Baltimore-born Rep. Elijah Cummings, D-Md., isn’t backing off his push for answers about the unfolding White House scandal regarding Russia. In fact, this weekend he revealed he’s already drafted a subpoena for Donald Trump’s administration. He just needs his Republican committee co-chair to sign it.
Cummings announced yesterday on ABC’s “This Week with George Stephanopoulos” that he’s already drawn up the paperwork that could force the White House to comply with his oversight committee’s investigation. His appeal on air wasn’t aimed first and foremost at Trump, though; it was directed more so at Utah Rep. Jason Chaffetz, the outgoing chair of the House Oversight Committee.
“The White House is obstructing our investigation on the Oversight Committee, covering up for General Flynn, and refusing to produce a single document that Chairman Chaffetz and I asked for in a bipartisan letter two months ago,” Cummings said in a statement. “I have prepared a subpoena that the Chairman could sign today. If he does not want to do that, we ask that he allow the Committee Members to vote on it.”
Chaffetz, a GOP congressman who’s already announced he plans to resign this year, shares the power with Cummings of leading the lower house’s chief investigation committee. The two have worked together in that capacity since 2015, butting heads along partisan lines but still managing to collaborate on investigations.
In March, the pair signed a letter calling on the White House to release documents related to Lt. Gen. Michael Flynn, Trump’s former national security adviser who resigned in a record-setting 24 days due to his history of accepting paid work in Russia. Specifically, they wanted info on Flynn’s contacts with foreign nationals, the vetting process used to hire him and communications about his departure from the White House.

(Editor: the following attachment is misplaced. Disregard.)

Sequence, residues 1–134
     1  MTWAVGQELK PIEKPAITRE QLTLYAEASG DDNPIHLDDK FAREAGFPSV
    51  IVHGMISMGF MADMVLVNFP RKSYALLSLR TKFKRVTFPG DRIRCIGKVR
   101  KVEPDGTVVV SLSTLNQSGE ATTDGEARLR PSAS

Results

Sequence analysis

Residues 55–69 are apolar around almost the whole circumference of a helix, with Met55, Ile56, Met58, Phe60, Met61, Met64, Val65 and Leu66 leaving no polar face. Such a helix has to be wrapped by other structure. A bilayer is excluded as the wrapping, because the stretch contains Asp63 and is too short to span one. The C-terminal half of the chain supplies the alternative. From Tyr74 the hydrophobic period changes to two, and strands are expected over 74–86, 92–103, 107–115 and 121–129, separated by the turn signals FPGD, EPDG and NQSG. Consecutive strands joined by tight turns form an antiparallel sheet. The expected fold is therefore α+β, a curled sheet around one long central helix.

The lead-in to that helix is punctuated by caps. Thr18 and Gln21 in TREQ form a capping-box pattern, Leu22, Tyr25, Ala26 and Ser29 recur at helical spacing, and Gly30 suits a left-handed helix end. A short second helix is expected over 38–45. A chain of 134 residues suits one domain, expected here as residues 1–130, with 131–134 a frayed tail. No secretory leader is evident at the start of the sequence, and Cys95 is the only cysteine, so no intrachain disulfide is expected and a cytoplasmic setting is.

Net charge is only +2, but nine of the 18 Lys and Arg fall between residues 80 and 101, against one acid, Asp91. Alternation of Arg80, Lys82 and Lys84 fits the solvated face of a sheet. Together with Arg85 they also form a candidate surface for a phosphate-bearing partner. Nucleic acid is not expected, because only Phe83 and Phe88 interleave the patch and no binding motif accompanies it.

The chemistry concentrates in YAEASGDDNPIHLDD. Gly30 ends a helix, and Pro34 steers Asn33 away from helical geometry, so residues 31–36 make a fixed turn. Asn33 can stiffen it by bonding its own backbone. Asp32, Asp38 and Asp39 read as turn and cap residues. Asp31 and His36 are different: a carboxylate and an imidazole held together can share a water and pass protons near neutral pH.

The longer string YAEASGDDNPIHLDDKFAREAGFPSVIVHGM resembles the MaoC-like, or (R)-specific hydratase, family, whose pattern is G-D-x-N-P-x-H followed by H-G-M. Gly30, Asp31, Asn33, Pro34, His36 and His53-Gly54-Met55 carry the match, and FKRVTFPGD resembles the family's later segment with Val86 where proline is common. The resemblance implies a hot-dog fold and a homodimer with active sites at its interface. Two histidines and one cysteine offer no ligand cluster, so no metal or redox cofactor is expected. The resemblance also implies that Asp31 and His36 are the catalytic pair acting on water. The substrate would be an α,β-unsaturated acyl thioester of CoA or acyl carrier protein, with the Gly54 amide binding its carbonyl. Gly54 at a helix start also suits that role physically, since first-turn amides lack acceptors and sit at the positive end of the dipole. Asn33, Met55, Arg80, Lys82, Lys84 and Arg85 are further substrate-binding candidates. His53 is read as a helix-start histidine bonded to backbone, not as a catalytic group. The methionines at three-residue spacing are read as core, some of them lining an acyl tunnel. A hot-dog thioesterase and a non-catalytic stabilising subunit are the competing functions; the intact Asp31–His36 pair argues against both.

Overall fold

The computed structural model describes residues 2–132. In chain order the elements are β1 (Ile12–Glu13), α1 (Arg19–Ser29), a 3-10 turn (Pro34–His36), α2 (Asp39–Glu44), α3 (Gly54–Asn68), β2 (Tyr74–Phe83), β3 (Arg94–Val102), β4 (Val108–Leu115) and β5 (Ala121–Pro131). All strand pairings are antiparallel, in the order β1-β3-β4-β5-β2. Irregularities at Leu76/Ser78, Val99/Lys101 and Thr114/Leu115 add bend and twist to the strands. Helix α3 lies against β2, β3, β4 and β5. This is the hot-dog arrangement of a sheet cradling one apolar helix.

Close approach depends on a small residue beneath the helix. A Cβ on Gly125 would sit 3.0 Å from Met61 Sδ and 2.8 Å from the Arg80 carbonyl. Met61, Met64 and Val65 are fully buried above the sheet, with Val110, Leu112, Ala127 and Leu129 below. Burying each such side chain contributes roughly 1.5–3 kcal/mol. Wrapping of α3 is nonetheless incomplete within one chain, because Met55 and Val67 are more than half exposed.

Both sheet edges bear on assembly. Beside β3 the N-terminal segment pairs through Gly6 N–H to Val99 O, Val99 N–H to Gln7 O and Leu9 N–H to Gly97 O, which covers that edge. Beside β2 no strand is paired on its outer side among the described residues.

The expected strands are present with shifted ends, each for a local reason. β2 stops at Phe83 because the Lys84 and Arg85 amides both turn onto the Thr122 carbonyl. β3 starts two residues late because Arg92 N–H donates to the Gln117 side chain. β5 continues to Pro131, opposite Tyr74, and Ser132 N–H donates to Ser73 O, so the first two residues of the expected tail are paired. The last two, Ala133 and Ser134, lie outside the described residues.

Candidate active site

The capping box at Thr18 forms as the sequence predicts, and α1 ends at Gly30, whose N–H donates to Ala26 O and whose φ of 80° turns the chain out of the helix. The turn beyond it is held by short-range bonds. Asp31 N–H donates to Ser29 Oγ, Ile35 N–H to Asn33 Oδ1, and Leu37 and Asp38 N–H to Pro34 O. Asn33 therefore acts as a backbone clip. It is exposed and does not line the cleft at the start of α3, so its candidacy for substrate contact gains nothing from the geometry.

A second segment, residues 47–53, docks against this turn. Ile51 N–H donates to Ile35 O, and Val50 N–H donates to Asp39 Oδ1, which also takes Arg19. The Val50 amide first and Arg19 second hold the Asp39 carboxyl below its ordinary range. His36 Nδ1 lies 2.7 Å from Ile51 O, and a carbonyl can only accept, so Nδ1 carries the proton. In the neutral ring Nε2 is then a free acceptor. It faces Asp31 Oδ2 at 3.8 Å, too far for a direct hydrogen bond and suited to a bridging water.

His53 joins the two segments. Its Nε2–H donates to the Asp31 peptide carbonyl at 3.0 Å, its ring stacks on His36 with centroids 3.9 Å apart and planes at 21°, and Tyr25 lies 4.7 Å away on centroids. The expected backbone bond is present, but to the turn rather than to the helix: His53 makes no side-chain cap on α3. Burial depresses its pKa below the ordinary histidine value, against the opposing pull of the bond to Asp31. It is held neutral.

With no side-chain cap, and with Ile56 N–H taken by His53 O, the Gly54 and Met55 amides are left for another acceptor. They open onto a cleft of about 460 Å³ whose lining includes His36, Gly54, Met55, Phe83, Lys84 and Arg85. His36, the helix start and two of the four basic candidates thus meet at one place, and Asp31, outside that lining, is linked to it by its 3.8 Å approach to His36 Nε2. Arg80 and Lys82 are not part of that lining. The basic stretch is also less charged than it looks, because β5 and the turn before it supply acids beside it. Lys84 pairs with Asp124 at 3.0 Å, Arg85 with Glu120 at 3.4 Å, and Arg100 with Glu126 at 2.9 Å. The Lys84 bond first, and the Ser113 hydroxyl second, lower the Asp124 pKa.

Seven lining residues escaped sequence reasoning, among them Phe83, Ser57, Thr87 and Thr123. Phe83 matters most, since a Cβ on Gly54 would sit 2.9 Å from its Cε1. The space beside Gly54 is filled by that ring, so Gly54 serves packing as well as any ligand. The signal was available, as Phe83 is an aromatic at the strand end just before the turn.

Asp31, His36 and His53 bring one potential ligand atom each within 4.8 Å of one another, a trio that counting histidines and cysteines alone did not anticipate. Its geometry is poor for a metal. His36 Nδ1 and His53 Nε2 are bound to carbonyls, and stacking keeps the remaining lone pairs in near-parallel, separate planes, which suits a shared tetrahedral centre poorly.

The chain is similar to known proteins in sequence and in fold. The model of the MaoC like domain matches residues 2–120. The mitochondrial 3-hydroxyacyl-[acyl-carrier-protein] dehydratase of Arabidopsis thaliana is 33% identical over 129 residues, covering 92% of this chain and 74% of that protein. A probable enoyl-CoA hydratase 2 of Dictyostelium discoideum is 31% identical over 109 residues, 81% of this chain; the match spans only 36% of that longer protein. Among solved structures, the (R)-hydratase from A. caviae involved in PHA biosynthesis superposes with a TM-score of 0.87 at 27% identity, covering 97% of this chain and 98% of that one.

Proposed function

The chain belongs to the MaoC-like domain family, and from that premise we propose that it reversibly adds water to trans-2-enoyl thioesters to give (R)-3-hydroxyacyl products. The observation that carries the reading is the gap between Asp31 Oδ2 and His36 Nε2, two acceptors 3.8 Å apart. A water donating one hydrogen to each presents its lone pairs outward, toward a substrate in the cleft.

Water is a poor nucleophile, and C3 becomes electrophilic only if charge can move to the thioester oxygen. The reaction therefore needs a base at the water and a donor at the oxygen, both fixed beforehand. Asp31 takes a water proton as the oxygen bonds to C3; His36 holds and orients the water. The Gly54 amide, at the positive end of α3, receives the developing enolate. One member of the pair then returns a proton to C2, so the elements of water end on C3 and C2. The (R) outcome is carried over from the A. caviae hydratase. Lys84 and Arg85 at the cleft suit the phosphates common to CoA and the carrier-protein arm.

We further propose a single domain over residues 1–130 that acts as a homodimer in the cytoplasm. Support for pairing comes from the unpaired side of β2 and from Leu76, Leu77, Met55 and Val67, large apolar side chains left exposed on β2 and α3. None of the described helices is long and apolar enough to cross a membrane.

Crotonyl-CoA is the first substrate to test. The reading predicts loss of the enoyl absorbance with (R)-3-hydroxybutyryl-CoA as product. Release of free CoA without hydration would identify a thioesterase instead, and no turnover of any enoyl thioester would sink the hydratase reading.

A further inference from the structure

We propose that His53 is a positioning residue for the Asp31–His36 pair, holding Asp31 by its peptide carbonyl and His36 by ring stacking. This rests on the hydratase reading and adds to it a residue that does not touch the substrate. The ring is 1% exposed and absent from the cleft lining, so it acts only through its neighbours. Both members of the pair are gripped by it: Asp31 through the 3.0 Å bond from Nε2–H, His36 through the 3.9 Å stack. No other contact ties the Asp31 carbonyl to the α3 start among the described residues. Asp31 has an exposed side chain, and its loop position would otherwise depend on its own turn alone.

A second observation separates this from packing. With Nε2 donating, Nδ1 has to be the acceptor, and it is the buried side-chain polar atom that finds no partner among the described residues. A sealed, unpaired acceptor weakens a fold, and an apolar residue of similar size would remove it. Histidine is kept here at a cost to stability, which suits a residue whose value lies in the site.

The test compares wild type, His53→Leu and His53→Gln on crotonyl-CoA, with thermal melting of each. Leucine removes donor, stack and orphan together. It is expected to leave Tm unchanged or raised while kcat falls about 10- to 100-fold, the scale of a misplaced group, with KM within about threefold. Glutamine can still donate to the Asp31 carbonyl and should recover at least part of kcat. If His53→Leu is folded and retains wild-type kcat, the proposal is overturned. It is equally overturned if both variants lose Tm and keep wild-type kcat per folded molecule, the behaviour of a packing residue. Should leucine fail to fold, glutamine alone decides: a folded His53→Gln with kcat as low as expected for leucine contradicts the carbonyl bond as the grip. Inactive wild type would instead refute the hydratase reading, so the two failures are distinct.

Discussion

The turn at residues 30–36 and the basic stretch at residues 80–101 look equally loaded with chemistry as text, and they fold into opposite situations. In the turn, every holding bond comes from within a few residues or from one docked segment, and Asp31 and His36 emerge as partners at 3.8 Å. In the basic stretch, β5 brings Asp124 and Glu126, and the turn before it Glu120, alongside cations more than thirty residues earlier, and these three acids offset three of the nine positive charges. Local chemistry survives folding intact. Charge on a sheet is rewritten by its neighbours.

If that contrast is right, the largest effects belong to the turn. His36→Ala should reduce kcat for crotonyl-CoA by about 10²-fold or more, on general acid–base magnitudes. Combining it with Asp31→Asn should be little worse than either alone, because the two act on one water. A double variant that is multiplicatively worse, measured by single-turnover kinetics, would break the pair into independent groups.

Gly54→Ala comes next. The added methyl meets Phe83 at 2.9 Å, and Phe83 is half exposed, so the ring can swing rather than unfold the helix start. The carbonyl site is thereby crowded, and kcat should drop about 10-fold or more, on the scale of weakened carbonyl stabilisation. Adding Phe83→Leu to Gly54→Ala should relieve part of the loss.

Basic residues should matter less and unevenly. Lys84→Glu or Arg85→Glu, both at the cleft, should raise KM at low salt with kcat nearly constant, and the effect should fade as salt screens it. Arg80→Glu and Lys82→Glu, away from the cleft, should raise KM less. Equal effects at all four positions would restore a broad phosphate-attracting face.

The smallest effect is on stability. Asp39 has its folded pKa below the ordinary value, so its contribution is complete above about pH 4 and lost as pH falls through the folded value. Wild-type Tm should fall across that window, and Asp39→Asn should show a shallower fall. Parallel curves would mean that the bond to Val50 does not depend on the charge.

A month later, the Trump administration refused, saying such documents “are likely to contain classified, sensitive, and/or confidential information.”
Chaffetz is the cog that Dems hope will link them up to talk with the White House. Thus far, he and other GOP lawmakers have resisted calls to set up meetings between Trump administration officials and House Oversight Committee members. This has made Cummings very unhappy and critical of Trump’s party, which he says won’t hold the president accountable for potentially colluding with Russia during the election.
Now, he needs Chaffetz to once again work with him, if only by signing his name to a subpoena. The sweeping federal summons calls on White House staff to release all the documents about Flynn that they asked for in March, any communications relating to former FBI Chief James Comey’s mysterious firing, correspondence with or about Jeff Sessions’ delayed self-recusal in the Trump-Russia investigation and much more.
Chaffetz would appear to be ready to help Cummings right away, based on his Twitter activity:
.@GOPoversight is going to get the Comey memo, if it exists. I need to see it sooner rather than later. I have my subpoena pen ready.
— Jason Chaffetz (@jasoninthehouse) May 16, 2017
However, the Baltimore congressman wants to see more than lip service from his GOP counterpart. Chaffetz has little to lose, politically. He’s already well-loathed in his home district in Utah, and announced earlier this month that he’ll resign on June 30 to get back into the private sector.
In a Medium post, the House Oversight Committee indicated Chaffetz has refused to draw up his own subpoena for all of this information from the White House. Clearly, Cummings thought that maybe by doing the work for him and simply asking for a signature, his Republican colleague might break down and comply.
Latest posts by Ethan McLeod (see all)
- Friday Afternoon Headlines: Former Under Armour exec sues company alleging racial discrimination; BPD commissioner, mayor and Gov. Hogan walk into a room…and more - August 23, 2019
- Friday Morning Headlines: Ravens win another preseason game in Philly; Maryland State Fair ramping up security; and more - August 23, 2019
- Thursday Afternoon Headlines: Md. horse racing commission members earning $ from a program they manage; Fire dept. to try dispatching fewer trucks to house fires; and more - August 22, 2019